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Brian J. Saville Allard
Chris and RJ reunite five years after coming out to their families and their church as gay men, where the factors that led to their separation are revealed as they mourn the death of their mutual friend Rodney.
A bullied and demoralized gay student at an all-boys school uses a magical flower derived from Shakespeare's "A Midsummer Night's Dream' to turn many in his community gay, including a comely rugby player for himself.
Coming-of-age. A small-town young man realizes why he's such a misfit - he's gay! Adolescence is proving a pain for the always-thinking Dorian. He's an outcast and the butt of classmates' fag jokes at high school. He's different and understands why when he reaches the conclusion that he's a "stereotypical gay." He soon announces this discovery to his homophobic, Nixon-loving dad. As Dad throws him out of the house, Dorian's off to NYU to encounter a new world of coffee houses, sophisticates and handsome men.Written by
Therapist Dr. Michener:
Besides the fact that you're a virgin craving a first experience, and that you feel safe with me, besides those things, what exactly do you love about me?
I guess that's pretty much it.
Therapist Dr. Michener:
I'm still flattered; however, I do not, under any circumstances, sleep with my clients.
Could you maybe refer me to someone who does?
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I saw this film in South Africa, where it was appallingly marketed and I probably wouldn't have seen it had I not seen IMDb write-up.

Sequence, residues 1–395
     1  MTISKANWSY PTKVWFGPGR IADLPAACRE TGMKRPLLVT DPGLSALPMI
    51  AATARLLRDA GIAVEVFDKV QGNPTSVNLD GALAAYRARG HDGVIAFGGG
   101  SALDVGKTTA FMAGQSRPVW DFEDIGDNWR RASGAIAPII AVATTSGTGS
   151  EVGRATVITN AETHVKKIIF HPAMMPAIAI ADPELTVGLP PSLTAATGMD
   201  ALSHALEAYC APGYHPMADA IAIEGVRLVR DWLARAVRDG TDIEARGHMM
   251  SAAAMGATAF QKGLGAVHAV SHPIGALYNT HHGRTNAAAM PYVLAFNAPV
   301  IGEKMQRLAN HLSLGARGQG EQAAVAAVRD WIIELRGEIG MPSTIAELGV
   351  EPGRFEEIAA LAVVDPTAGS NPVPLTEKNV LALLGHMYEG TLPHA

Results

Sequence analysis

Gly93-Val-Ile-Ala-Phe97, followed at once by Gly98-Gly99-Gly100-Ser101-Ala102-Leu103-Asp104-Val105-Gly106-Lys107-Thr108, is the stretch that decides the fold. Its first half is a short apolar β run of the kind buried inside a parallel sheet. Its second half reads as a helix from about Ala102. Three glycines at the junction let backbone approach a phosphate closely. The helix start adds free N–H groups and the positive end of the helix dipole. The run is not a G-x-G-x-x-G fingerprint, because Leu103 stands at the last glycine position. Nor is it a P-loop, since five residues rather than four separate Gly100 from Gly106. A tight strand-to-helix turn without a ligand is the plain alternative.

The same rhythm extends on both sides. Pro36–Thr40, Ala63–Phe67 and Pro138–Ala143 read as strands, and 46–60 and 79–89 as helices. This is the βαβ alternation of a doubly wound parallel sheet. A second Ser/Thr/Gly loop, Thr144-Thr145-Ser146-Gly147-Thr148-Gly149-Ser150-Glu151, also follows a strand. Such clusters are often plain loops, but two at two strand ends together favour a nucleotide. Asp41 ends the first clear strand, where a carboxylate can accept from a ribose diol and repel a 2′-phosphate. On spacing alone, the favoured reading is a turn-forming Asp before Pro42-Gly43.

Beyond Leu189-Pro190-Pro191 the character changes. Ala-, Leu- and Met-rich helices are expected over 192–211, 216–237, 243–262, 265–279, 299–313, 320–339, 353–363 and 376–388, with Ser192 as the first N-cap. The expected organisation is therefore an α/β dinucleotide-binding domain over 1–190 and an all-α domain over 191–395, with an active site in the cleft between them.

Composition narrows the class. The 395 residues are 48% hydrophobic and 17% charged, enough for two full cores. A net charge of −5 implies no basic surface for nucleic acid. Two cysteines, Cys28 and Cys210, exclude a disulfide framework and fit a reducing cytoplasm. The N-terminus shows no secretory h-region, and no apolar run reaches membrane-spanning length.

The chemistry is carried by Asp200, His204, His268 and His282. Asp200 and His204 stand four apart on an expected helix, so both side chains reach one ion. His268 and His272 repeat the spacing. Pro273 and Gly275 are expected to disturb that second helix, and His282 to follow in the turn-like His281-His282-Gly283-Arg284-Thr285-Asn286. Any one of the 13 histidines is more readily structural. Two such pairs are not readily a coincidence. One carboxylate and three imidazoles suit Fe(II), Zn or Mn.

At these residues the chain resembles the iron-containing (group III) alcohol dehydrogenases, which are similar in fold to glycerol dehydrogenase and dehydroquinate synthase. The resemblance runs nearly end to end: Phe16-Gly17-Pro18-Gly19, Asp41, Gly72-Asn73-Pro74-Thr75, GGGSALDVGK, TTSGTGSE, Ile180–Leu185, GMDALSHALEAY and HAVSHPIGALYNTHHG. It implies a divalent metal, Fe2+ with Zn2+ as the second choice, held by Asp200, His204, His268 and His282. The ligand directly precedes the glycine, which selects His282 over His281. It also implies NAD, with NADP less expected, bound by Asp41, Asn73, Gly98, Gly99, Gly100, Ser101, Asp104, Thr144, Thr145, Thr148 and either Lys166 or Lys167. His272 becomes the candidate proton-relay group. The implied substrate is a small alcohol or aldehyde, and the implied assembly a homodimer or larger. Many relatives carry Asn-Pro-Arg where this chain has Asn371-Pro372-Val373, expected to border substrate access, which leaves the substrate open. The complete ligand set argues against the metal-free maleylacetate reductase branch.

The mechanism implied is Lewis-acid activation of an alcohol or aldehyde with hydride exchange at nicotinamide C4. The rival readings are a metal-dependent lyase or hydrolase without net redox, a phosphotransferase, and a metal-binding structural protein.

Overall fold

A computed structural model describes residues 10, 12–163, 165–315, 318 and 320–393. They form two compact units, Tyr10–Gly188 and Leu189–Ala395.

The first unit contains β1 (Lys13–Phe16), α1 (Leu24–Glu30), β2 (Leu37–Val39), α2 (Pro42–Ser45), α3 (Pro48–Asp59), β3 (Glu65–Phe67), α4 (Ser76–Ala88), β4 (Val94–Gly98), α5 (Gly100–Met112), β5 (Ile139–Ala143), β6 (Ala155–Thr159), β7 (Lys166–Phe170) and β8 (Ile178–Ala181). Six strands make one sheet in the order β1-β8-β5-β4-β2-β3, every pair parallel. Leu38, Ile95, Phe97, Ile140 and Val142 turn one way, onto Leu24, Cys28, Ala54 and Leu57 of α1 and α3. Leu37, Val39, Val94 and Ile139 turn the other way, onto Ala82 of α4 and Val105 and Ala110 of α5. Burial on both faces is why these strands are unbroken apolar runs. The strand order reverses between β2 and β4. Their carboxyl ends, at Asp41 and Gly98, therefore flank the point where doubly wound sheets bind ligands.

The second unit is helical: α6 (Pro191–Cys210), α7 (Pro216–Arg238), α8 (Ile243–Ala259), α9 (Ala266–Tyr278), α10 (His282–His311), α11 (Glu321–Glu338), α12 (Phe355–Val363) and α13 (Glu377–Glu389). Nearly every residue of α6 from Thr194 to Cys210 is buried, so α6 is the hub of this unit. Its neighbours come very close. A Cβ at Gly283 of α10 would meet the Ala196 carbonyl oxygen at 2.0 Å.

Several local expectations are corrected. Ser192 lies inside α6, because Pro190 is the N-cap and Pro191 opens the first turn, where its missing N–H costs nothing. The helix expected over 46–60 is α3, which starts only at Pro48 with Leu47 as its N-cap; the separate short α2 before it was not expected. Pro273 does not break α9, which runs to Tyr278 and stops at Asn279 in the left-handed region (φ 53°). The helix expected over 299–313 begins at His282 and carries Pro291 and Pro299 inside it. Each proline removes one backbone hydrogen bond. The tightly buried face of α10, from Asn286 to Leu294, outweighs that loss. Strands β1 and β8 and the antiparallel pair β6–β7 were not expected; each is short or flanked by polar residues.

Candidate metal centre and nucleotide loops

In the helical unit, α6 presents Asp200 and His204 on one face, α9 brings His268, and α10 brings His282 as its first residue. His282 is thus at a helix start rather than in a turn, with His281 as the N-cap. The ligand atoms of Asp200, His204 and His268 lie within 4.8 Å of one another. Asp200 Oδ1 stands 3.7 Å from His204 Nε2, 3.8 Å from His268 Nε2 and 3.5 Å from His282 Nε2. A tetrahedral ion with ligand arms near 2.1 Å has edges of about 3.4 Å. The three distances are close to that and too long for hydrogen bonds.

This is a low budget film, with some unknown actors, but is nonetheless funny, warm, realistic (in places)and pertinent. The story is simple: Dorian is gay. How do he and his family cope with this? There are some hilarious moments: Leslie Elliard (who plays Dorian's therapist) is good.
The film focuses on the family dynamics. Lea Coco (the straight brother, Nicky) and Michael McMillian (the gay brother, Dorian) generate such an easy brotherly chemistry- the film's strength lies in its depiction of this dyad, in particular.
As the father(for whom Dorian has ambivalent feelings) Charles Fletcher is good, portraying an older generation with values and ideas that dare never be questioned. The film looks at Dorian's relationships within his family (a mother, played well by Mo Qigley)... but strings are too neatly tied up at the end; the fault is in the script, not the acting.
A warm, sensitive film that deserves a wide(r) viewing. Kudos all!
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